In the photography of Derrick Ofosu Boateng, school children are presented with a monumental aura, shot from stature-bolstering angles as they survey the Ghanaian landscape. In one, a girl holds four balloons like totems against the sky’s soft blue gradient; in another, young boys link arms on mustard-yellow sand, the purple sky framing their faces like regal portraits. His images of boys relaxing in lakes feel serene but maintain this characteristic gravitas. His strength is the pairing of humankind and nature.
Boateng has a relationship with his subjects that goes beyond his work. The 22-year-old, who began shooting on an iPhone given to him by his father, collaborates with schools in Accra to promote creativity and careers in the arts (Boateng studied business administration, with photography remaining a passion before he chose to pursue it fully). Now his work is receiving recognition further afield, joining Thandiwe Muriu, Li Hui and Samuel Cueto in Paris’ Galerie 193’s show at Amsterdam’s Unseen Photo Fair.
Unseen returns in its traditional fair format this year, taking over culture park Westergas to provide a cross-section of contemporary photography from (mostly) European galleries. Alongside emerging talents like Boateng, the fair’s Past/Present section presents historical works for the first time, taking stock of past influences while also widening beyond fine art styles towards cinema, fashion and photojournalism.
In this vein, Amsterdam’s Annet Gelink presents previously unseen work by Bertien van Manen, the esteemed Dutch documentary photographer whose extensive travels around Europe, the USA, China and the former Soviet Union earnt her a recent retrospective at the Stedelijk Museum.
The images in her 2011 book, Let’s Sit Down Before We Go, were captured over an 18-year period in Russia, Moldova, Kazakhstan, Uzbekistan and Tatarstan, giving an insight into the rural wanderings of young men and immense blizzards confronted without complaint—all the while encouraging viewers to feel both affinity and difference from communities with whom they precariously shared a continent.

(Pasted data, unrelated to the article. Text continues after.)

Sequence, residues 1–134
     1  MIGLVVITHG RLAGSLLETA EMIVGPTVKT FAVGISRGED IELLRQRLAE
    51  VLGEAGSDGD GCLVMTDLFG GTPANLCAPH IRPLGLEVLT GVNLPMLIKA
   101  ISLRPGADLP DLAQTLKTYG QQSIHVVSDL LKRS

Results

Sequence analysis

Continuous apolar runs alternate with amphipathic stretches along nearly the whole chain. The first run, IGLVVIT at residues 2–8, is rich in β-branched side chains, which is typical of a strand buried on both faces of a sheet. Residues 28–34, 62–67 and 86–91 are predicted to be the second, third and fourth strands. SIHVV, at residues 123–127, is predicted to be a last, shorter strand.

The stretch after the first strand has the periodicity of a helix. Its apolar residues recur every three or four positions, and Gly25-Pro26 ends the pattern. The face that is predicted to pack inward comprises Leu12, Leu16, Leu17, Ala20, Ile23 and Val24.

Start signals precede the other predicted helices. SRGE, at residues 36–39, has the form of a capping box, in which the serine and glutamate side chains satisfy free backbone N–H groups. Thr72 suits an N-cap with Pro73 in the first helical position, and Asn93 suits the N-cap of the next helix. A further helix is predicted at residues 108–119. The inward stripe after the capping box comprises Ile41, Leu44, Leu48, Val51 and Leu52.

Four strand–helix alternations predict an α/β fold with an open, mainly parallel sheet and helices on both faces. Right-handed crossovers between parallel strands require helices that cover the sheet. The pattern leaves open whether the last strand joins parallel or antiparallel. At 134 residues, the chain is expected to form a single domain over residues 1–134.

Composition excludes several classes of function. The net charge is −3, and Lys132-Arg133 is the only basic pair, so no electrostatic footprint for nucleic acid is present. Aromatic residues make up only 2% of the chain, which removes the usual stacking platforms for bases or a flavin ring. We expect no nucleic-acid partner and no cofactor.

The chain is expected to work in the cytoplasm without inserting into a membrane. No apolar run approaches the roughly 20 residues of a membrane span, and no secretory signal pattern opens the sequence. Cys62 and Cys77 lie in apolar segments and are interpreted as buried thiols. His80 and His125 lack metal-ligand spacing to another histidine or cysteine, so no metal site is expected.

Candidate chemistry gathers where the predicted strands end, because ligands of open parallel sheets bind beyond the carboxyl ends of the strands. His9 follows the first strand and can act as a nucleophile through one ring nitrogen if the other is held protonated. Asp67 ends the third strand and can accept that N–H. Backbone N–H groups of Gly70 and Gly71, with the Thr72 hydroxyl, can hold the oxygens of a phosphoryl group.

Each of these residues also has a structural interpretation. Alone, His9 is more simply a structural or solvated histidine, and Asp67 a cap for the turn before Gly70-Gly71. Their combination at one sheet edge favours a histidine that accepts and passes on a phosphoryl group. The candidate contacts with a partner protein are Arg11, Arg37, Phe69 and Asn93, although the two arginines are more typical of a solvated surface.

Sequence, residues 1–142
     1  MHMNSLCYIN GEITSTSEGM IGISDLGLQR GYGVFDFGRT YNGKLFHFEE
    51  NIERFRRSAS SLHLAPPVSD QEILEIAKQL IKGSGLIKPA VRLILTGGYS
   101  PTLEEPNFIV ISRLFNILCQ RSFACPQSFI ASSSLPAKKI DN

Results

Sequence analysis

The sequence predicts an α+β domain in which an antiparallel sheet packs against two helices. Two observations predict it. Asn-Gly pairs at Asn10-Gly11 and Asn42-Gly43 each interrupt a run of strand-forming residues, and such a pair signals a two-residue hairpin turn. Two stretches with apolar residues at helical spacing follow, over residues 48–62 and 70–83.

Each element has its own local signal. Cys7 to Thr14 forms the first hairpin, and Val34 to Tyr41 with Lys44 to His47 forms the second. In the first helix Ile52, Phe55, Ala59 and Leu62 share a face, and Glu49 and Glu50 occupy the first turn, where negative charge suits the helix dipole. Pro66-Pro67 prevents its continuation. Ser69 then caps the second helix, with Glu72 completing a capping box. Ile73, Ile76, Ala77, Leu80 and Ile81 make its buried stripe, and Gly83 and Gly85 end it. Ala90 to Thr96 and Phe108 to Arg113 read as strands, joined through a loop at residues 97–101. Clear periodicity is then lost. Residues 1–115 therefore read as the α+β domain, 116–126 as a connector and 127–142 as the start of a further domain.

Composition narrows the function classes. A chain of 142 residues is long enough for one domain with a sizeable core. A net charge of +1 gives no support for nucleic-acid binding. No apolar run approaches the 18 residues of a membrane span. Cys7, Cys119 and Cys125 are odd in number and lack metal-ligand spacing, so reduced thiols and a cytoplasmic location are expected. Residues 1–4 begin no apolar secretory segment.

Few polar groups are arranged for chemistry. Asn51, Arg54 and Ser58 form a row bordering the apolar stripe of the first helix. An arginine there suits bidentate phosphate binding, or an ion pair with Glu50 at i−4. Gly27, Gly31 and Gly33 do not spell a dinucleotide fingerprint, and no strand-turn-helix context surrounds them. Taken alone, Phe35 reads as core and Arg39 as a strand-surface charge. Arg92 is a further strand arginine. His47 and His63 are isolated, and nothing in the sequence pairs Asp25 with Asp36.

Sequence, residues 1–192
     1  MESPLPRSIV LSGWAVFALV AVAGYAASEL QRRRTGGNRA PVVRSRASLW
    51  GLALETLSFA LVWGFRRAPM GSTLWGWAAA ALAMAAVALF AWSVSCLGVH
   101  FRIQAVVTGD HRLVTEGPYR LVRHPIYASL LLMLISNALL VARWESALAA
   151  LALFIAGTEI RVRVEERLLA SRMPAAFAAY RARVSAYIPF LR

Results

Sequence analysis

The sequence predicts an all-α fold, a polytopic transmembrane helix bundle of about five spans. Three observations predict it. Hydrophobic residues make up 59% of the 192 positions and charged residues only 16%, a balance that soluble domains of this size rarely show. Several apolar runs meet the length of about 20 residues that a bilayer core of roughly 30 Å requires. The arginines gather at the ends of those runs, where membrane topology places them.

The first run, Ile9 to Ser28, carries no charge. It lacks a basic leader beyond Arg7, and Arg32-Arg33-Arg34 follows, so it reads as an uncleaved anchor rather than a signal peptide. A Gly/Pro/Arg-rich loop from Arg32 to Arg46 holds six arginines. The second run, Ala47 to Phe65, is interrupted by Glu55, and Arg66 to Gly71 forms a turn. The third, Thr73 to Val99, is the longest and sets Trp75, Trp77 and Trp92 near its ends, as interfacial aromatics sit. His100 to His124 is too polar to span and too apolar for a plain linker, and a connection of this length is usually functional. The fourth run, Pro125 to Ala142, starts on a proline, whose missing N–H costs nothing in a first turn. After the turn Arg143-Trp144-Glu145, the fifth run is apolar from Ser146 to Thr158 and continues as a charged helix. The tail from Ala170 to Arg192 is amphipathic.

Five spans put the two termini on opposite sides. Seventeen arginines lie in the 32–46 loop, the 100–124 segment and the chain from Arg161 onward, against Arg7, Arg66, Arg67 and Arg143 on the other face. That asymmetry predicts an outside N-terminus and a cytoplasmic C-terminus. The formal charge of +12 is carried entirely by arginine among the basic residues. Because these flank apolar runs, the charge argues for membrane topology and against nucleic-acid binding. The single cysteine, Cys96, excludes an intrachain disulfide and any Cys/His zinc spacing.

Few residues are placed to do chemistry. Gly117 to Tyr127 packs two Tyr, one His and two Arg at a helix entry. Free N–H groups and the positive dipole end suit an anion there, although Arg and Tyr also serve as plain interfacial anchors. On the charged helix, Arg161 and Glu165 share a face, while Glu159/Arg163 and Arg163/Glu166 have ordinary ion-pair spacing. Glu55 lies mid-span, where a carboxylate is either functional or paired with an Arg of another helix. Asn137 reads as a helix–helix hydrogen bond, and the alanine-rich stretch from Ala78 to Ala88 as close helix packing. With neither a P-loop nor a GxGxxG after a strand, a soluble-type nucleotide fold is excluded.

The late cinematographer Robby Müller and multidisciplinary Israeli artist Yael Bartana also feature in the wide selection. Meanwhile Cologne’s Galerie Julian Sander has developed a Past/Present showcase between photographers August Sander and Michael Somoroff, whose career has straddled Western magazine photography and more conceptual personal projects, drawing on existential philosophy, language theory and psychology to create religiously inspired images.
Ellen de Bruijne Projects presents a solo show by Uta Eisenreich at Unseen. Eisenreich claimed that she set out to “investigate the incongruous relationship between thought and reality,” often using the camera as a live tool for performances. Her work also spans traditional monoprints, science-like still lifes, and black-and-white studies of bodies discoloured by sun exposure. French artist Valérie Belin’s magazine-inspired compositions and dizzying portraits offer more familiar motifs, the speech bubbles of comic-book strips framing her sitters among lavish bouquets and dresses.
The variety of experimental styles is reflected in a second new part to the fair, Unbound. Focusing on multidisciplinary practices, the section titled Filling the Cracks aims to investigate humankind’s relationship with the natural environment. For emerging, socially-conscious photographers such as Boateng, that relationship is more instinct than theme, a governing principle which extends far beyond their art and into an uncertain future.
Ravi Ghosh is Elephant’s editorial assistant